From The Treasury:
Thames: the town with a hotel on every corner. During the 1870s, it was estimated that Thames had one hotel for every two hundred people. Wherever a gold field was declared in New Zealand, the business people who made a living from the gold miners were as sure to arrive as the gold miners themselves. Even before anything as permanent as streets or houses could be constructed, calico huts and tents were springing up across Thames as unofficial hotels. The Shortland Hotel, on the corner of Pollen St and Grey St, was opened by Captain Butt as early as August 1867 – mere weeks after the gold field was opened - in a building originally intended as a house for Wirope Hotereni Taipari. By 1870, there were 43 hotels in Grahamstown alone, out of a total of 102 for the whole Thames area.
The hotels of Thames were a focal point and meeting place for the growing population, playing host to everything from dances and theatre shows to skittle alleys and town meetings. Prostitution thrived, gambling was common and rules surrounding closing on the Sabbath were cheerfully ignored. Unlike Auckland, the comparatively ‘dowdy’ provincial capital, Thames’ hotels revelled in the 19th century equivalent of sex, drugs and rock n’ roll.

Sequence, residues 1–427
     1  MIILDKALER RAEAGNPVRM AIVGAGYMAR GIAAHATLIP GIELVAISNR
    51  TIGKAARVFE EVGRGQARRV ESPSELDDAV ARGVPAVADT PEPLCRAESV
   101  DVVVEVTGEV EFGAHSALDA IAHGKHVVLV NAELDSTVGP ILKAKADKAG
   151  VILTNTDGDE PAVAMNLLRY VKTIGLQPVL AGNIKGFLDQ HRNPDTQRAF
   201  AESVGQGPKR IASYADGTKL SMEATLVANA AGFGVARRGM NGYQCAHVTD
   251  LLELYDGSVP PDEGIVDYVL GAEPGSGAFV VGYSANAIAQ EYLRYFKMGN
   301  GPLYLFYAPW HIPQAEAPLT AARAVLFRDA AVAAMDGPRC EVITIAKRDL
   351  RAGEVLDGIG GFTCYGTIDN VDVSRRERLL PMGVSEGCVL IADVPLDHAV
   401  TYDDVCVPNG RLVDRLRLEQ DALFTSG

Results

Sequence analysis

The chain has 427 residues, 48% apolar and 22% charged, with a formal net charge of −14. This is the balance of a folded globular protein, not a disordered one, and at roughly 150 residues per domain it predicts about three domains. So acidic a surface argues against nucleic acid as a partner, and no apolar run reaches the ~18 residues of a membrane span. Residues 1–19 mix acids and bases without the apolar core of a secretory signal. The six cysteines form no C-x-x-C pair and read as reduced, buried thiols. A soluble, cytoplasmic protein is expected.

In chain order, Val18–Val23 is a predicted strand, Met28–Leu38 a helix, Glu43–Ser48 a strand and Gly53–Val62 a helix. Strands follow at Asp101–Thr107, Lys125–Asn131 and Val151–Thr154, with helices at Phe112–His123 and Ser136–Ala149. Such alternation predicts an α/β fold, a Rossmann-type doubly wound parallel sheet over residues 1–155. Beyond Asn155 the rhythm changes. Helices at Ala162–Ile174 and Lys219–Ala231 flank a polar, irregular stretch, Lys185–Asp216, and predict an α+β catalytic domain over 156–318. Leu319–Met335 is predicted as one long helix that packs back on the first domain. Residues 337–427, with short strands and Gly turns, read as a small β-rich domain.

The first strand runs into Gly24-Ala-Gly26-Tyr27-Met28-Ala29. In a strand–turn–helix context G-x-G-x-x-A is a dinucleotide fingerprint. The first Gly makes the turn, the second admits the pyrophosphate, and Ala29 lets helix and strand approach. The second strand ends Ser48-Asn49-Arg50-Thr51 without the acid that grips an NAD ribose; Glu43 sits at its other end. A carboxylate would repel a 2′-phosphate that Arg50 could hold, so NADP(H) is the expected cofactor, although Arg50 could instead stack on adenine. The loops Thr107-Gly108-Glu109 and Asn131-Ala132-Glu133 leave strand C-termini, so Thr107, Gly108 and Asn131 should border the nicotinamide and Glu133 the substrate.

Even decades after their closures, many of Thames’ most famous hotels are still well-remembered today. Changing attitudes to alcohol, liquor licensing laws and tough economic times forced the doors closed of many well-loved hotels. The Queen's, Shortland, Exchange, Royal, Post Office and Park Hotels played host to a huge farewell pub crawl in 1951, when licensing controls forced all six to simultaneously shut down.
These days, only a handful of gold rush hotels are still operating in Thames, with the buildings of a handful more still standing. The Treasury has a collection in our Reading Room dedicated to Thames hotels, as well as our extensive Business Register collection.